Tree of the Cross

Tree of the Cross

What kind of tree was used to make the cross on which Jesus was crucified? What happened to the cross after Jesus died? These questions inspired centuries of storytellers to spin tales that filled the gaps in our knowledge with fanciful images and fables. Some tell which species of tree was used to fashion Jesus' cross. Others claim that the cross was made of one of the sacred trees described in the Bible as the Tree of the Knowledge of Good and Evil and the Tree of Life. Still others glorify the miraculous powers of the true cross, the actual wooden cross on which Jesus died. Over the centuries the tree has served as a sacred symbol in many different cultures. Some mystical interpretations of the cross echo the meaning folklorists have assigned to these other sacred trees.

The Tree of the Cross

A number of old Christian legends identify the kind of wood used to make Jesus' cross. For example, one legend states that the Romans made the cross out of a dogwood tree. As the soldiers approached, the dogwood quivered with reluctance to serve so terrible a purpose. God rewarded the dogwood for its tenderness by turning it into a small, crooked, and delicate tree whose limbs could never again be used to make a cross. Another legend suggests that the only tree willing to serve as the wood for Jesus'cross was the mistletoe. As punishment for its participation in the Crucifixion the mistletoe became a shriveled and scraggly bush, unable to live on its own and instead reduced to life as a parasite on other trees.

The True Cross

According to legend, St. Helena, mother of the Roman emperor Constantine, journeyed to the Holy Land in the year 326. There she sought and found the true cross. The story claims that St. Helena found several crosses buried underneath the Temple of Venus, a pagan monument constructed over the site of Jesus' crucifixion. The bishop of Jerusalem suggested that the body of a dead man be laid against each of the crosses in order to discern which was the true cross. Nothing happened when the corpse was laid on the first two, but when the body touched the third cross, the dead man sprang to life. Other variations of the tale state that a sick woman was healed the instant she touched the true cross.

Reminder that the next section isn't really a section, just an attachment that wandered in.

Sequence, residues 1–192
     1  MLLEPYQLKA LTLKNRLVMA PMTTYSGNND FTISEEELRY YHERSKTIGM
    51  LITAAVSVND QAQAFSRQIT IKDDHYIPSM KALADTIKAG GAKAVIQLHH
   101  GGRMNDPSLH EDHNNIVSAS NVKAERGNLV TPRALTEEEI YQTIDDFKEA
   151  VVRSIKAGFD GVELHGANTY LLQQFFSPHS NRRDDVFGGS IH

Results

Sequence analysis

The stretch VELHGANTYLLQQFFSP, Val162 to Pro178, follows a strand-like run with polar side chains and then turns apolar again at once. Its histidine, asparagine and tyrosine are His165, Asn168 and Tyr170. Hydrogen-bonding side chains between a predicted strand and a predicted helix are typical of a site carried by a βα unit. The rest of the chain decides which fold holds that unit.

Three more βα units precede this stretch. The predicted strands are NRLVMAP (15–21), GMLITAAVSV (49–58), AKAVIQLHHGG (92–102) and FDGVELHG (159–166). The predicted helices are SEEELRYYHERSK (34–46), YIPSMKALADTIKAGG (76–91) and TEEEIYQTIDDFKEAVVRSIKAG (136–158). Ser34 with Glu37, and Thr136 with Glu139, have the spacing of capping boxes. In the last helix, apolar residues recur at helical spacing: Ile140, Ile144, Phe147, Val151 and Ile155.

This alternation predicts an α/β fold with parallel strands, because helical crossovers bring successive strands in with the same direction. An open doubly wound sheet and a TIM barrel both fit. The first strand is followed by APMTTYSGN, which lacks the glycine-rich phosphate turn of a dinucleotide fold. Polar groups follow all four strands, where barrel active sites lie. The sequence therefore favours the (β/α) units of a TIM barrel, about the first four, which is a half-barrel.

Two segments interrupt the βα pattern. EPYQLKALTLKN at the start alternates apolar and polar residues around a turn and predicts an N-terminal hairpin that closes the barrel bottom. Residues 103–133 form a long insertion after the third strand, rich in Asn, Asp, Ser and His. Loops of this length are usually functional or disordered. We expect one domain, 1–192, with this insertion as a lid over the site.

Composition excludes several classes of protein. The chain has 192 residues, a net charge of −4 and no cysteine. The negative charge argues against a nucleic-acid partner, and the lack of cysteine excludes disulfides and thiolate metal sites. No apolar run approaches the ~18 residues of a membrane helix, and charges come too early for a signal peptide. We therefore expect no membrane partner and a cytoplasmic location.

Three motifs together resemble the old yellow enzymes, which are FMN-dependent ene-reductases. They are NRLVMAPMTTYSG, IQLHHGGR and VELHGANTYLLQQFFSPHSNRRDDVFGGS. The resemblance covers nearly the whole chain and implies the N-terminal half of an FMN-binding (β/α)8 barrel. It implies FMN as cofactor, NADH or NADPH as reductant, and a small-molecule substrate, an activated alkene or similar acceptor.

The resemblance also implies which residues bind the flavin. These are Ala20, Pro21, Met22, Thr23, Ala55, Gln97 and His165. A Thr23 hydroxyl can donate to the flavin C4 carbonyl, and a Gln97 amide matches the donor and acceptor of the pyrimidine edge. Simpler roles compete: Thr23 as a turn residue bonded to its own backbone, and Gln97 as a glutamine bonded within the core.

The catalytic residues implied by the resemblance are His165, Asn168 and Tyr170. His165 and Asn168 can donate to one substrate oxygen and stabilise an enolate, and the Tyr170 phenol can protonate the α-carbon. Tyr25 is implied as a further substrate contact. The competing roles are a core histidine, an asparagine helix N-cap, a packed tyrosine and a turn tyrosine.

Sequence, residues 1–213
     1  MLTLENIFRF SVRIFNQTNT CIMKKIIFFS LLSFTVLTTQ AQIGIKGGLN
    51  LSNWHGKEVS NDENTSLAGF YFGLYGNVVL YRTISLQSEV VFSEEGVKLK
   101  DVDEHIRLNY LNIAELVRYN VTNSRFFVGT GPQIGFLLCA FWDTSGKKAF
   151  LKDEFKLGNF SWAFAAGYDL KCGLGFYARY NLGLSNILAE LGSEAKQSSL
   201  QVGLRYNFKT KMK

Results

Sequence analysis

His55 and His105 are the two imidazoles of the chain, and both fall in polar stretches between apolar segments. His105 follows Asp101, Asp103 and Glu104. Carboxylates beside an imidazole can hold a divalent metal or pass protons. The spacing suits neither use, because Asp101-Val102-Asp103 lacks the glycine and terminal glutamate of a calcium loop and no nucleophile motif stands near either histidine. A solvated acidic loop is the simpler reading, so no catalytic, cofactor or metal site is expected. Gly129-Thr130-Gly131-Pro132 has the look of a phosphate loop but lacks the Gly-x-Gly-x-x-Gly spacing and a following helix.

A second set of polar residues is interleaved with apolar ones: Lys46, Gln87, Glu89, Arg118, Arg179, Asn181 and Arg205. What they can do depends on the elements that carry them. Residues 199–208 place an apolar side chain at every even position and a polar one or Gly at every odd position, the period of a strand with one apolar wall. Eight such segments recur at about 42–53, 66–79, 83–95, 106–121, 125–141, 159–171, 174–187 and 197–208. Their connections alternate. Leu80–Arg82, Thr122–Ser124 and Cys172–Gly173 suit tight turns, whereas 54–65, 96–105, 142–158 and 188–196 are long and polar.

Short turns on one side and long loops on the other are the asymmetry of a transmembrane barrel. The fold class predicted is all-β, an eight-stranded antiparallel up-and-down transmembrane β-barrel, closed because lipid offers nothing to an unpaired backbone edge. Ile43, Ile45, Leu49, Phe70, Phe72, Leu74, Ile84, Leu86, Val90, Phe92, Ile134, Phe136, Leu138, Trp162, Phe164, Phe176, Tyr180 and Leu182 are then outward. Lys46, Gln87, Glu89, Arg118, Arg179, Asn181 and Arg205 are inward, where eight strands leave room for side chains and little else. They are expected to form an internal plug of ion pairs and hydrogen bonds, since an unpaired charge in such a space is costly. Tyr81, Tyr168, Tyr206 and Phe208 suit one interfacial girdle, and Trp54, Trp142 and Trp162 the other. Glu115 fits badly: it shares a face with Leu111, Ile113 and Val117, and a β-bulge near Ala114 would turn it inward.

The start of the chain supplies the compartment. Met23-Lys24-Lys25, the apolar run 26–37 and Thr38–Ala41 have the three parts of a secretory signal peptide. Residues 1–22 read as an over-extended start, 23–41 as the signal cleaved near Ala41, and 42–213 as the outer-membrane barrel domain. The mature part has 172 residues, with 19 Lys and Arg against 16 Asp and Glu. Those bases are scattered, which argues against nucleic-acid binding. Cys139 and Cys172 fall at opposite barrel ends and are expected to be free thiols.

The legend continues by declaring that St. Helena left part of the true cross in Jerusalem, took a piece of it back to Constantinople with her, and sent a piece on to Rome. There the Romans built the Church of Santa Croce in Gerusalemme, or the Church of the Holy Cross in Jerusalem, expressly for the purpose of housing this holy artifact (see also Golden Rose). This artifact, which many believed to be the true cross, quickly became the holiest and most sought after of Christian relics. Fragments of wood said to have come from the true cross were soon distributed throughout Europe. Many tales sprang up concerning the miraculous powers of these fragments. Scholars believe that the Good Friday devotion known as the Veneration of the Cross may have been inspired by St. Helena's apparent discovery of the true cross and the spread of its relics throughout Europe.

Biblical Trees and the Cross

Another genre of legend attempts to give the tree used to make Jesus' cross a spiritual pedigree. These legends suggest that the tree was a descendant of the Tree of the Knowledge of Good and Evil whose fruit Adam and Eve ate in the Garden of Eden. God had forbidden them to eat this fruit, so as a punishment for their disobedience he expelled them from the Garden.

According to one version of the legend, years later, when Adam was sick and dying, he sent his son Seth back to the Garden to obtain a healing balm. Upon arriving at the gates of the Garden of Eden Seth relayed his father's request to the angel guarding the door. Although the angel refused to give Seth the balm, he did give him three seeds from the Tree of Knowledge. (In some versions of the tale the seeds come from the Tree of Life.) Along with these seeds the angel relayed the promise of humanity's future salvation. Seth returned to Adam with the seeds and the promise. Upon hearing the angel's message Adam laughed for this first time since his expulsion from the garden. Shortly thereafter Adam died, and Seth buried him with the three seeds under his tongue, according to the angel's instructions. So it was that a great tree grew out of Adam's grave.